Aphasia is caused by damage to the language centers of the brain. In most people, these language centers are located in the left hemisphere, but aphasia can also occur as a result of damage to the right hemisphere; this is often referred to as crossed aphasia to denote that the right hemisphere is language dominant in these individuals. Common causes of aphasia are

  • stroke
    • ischemic: blockage that disrupts blood flow to a region of the brain
    • hemorrhagic: a ruptured blood vessel that damages surrounding brain tissue
  • traumatic brain injury
  • brain tumors
  • brain surgery
  • brain infections
  • other neurological diseases (e.g., dementia).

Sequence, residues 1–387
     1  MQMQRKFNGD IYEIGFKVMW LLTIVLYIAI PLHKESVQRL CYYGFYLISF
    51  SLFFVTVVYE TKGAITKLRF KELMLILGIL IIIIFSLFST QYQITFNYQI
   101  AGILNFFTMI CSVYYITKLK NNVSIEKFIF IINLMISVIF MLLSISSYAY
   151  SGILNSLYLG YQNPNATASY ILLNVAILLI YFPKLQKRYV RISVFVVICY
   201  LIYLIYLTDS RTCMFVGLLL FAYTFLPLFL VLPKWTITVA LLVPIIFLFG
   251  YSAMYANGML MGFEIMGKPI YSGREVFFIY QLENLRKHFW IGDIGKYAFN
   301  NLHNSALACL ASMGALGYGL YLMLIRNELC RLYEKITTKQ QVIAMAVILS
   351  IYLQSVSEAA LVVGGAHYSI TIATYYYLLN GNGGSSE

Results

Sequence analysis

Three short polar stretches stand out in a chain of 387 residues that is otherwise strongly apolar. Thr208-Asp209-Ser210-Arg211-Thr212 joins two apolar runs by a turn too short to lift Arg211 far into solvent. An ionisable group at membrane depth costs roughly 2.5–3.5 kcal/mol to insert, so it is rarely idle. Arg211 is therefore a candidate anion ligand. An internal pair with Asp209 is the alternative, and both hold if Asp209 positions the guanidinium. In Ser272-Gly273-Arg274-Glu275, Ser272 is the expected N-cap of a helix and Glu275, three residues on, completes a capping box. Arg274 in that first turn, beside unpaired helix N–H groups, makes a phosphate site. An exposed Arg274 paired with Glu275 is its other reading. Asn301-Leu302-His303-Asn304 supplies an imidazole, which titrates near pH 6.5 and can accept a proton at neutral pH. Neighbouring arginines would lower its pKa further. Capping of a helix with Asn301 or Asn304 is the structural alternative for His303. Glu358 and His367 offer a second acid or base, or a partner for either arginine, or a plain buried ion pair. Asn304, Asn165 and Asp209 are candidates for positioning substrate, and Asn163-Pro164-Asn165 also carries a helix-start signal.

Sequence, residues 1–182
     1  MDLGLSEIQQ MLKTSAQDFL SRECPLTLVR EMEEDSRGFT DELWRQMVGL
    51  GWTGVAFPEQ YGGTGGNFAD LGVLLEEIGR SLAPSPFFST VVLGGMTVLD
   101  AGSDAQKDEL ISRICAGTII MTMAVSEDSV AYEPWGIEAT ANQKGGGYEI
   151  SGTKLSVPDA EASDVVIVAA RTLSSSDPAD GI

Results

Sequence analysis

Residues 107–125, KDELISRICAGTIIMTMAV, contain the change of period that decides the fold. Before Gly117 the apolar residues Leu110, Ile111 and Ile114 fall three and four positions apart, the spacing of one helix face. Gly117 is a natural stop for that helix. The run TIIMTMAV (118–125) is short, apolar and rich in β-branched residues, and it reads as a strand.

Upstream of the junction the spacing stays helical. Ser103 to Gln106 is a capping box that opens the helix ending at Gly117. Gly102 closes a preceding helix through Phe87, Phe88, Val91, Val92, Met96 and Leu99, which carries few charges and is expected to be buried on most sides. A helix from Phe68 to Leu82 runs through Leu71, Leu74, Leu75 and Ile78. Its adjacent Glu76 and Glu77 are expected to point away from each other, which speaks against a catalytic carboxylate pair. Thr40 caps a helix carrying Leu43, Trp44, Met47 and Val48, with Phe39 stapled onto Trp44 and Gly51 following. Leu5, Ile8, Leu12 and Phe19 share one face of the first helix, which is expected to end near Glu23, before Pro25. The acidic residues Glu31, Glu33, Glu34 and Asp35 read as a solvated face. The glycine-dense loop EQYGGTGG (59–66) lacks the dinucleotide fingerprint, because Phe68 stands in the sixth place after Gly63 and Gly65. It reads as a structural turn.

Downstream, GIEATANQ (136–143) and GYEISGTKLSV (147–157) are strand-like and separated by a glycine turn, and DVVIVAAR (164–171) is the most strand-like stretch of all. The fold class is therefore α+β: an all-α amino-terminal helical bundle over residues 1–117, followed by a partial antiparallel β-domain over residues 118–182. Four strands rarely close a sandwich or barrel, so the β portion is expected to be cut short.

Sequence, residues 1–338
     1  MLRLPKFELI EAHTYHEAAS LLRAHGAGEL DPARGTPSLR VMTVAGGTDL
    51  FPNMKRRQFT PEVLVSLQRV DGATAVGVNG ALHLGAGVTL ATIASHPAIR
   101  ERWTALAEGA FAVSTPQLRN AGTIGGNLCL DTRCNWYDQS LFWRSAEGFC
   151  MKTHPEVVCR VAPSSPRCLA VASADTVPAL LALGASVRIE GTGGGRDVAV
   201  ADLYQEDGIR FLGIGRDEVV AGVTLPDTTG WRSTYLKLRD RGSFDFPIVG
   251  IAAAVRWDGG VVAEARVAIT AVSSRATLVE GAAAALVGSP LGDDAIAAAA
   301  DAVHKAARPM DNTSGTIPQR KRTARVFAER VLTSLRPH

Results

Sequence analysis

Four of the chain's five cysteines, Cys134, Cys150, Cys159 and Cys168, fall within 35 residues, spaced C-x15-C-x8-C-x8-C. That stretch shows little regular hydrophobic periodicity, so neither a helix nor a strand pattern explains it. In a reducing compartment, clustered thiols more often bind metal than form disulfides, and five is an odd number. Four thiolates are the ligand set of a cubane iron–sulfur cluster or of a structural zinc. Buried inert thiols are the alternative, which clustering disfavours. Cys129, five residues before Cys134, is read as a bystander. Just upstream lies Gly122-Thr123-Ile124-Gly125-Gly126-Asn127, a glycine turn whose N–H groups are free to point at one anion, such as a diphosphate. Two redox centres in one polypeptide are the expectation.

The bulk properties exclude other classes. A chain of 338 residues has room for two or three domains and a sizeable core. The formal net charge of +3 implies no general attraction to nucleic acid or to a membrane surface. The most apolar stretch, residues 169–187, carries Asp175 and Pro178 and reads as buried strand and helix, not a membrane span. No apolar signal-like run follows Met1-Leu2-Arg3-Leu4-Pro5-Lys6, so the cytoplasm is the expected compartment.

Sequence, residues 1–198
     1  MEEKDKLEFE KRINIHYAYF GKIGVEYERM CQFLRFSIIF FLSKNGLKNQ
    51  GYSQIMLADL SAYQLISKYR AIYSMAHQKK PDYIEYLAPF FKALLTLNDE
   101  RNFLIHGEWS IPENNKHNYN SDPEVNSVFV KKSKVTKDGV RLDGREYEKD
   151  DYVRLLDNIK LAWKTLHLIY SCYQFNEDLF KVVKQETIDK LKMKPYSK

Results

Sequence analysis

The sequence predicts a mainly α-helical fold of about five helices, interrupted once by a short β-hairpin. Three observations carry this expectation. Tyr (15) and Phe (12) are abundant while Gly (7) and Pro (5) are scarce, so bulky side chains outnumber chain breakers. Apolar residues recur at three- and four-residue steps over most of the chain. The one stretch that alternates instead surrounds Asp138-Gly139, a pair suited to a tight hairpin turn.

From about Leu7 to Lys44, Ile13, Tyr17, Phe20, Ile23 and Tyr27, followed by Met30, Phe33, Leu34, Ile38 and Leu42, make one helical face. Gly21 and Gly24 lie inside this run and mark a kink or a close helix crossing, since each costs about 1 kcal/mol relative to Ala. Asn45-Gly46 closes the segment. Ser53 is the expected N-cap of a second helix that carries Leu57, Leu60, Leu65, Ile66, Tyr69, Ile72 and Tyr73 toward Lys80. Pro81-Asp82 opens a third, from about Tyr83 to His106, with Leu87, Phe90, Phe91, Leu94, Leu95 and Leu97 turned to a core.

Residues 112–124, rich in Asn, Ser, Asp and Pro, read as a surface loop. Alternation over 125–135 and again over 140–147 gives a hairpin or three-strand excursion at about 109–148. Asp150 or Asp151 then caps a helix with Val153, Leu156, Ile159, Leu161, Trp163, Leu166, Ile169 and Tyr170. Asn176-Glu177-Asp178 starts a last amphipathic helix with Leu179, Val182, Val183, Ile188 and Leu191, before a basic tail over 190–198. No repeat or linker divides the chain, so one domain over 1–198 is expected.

Stroke is the most common cause of aphasia. According to the National Aphasia Association (2011), about 25% to 40% of stroke survivors experience aphasia. Approximately 35%-40% of adults admitted to an acute care hospital with a diagnosis of stroke are diagnosed with aphasia by the time they are discharged (Dickey et al., 2010; Pedersen, Jorgensen, Raaschou, & Olsen, 1995).

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